266 F2d 611 Webb v. United States Lines Company

266 F.2d 611

Rowland G. WEBB, Plaintiff-Appellant,

No. 258.

Docket 25324.

United States Court of Appeals Second Circuit.

Argued April 16, 1959.

Decided May 14, 1959.

Kenneth Heller, New York City (Charles A. Ellis, New York City, of counsel), for plaintiff-appellant.

Kirlin, Campbell & Keating, New York City (James B. Magnor, New York City, and Henry J. O'Brien, Buffalo, N. Y., of counsel), for defendant-appellee.

Before CLARK, Chief Judge, and SWAN and MOORE, Circuit Judges.

SWAN, Circuit Judge.

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This is an appeal by plaintiff from a judgment in his favor after trial to a jury, and from denial of his motion to set aside the verdict as inadequate. The appellant claims errors in the charge to the jury as well as inadequacy of the verdict.


Plaintiff is an American seaman who was employed as an engine room wiper on defendant's vessel. He was injured on November 7, 1956 while climbing a 10-foot ladder in the engine room to clean the starboard boiler preparatory to painting it. Fiehler, the engine room utility man, was the "boss" in charge of the work. The ladder was neither lashed nor held at top or bottom. When plaintiff reached the top, the ladder slipped and he fell with it to the deck, sustaining a serious knee injury. He testified that Fiehler ordered him to climb the ladder. Fiehler denied giving such an order and said that plaintiff mounted the ladder voluntarily knowing it was not lashed. There was also conflicting evidence as to how much the vessel was rolling.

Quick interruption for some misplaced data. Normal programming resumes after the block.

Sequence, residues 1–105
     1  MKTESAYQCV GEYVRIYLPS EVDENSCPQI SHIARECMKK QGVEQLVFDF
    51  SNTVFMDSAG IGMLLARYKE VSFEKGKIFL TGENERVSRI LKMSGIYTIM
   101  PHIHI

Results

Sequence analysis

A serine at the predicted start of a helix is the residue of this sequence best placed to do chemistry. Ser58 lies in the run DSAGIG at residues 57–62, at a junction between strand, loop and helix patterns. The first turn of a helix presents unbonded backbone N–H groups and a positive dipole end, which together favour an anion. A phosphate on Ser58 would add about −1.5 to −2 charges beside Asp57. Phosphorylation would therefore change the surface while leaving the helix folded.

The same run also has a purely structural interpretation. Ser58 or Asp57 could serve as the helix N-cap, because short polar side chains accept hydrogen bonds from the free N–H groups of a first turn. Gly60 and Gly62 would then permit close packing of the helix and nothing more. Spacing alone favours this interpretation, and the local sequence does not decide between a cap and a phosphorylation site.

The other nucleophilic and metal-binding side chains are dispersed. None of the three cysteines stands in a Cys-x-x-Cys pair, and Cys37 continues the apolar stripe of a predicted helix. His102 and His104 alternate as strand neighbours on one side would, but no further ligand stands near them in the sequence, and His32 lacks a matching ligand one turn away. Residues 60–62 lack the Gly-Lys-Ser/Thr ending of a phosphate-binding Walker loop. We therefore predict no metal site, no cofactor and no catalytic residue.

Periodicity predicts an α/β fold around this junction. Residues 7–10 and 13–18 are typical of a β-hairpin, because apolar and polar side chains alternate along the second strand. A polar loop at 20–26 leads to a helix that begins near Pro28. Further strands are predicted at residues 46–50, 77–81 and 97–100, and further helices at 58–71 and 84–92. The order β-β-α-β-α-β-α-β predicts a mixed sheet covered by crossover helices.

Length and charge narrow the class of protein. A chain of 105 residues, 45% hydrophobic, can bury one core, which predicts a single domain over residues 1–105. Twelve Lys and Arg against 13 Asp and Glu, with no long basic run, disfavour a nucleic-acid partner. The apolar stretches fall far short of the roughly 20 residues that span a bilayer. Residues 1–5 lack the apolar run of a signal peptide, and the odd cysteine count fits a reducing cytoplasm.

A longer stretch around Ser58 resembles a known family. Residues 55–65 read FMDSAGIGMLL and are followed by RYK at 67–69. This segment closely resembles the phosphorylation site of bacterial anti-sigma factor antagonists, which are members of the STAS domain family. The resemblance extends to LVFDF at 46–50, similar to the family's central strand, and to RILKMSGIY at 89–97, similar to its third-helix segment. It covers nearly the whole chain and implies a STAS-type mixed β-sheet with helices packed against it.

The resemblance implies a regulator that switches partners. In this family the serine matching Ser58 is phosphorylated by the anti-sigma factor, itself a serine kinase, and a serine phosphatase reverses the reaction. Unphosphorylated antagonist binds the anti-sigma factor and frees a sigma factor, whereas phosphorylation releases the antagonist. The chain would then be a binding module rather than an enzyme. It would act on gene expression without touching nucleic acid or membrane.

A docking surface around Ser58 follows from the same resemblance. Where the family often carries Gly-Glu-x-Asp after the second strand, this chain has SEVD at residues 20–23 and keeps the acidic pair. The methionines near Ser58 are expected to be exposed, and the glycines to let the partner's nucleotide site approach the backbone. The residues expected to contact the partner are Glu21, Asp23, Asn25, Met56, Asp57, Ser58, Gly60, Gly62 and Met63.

The complaint in plaintiff's action is based on the Jones Act, 46 U.S.C.A. § 688, for negligence, and on the general maritime law for unseaworthiness. The court charged as to the duty of the defendant under either theory, and as to the factors to be considered in assessing damages if the defendant was found liable. He charged also that assumption of risk by plaintiff was not in the case, and charged to the effect of contributory negligence, if the jury found contributory negligence. The jury's verdict was: "It is the verdict of this jury that under the marine law Mr. Roland G. Webb be awarded $5750 for injury incurred on his knee aboard the S.S. Pioneer Reef."


Appellants' complaint that the verdict was inadequate presents no question for an appellate court. Maher v. Isthmian Steamship Co., 2 Cir., 253 F. 2d 414, 416. Nor can the verdict be impeached by what some juror subsequently stated as to how the verdict had been reached. Rotondo v. Isthmian Steamship Co., 2 Cir., 243 F.2d 581, 583; United States v. Grieco, 2 Cir., 261 F.2d 414, 415.


Appellant's main contention asserts that the court erred in failing to give requests 11 and 13 which refer to the penalties provided by 46 U.S.C.A. § 701 subds. 4 and 5 for refusal to obey a lawful command. The appellee contends that plaintiff waived all exceptions to the charge as given.1 While in certain circumstances an appellate court may review errors not saved by a proper objection, we doubt that our discretionary power should be here exercised.2 However, the point need not be decided, because in our opinion the trial court was justified in refusing to charge the requests.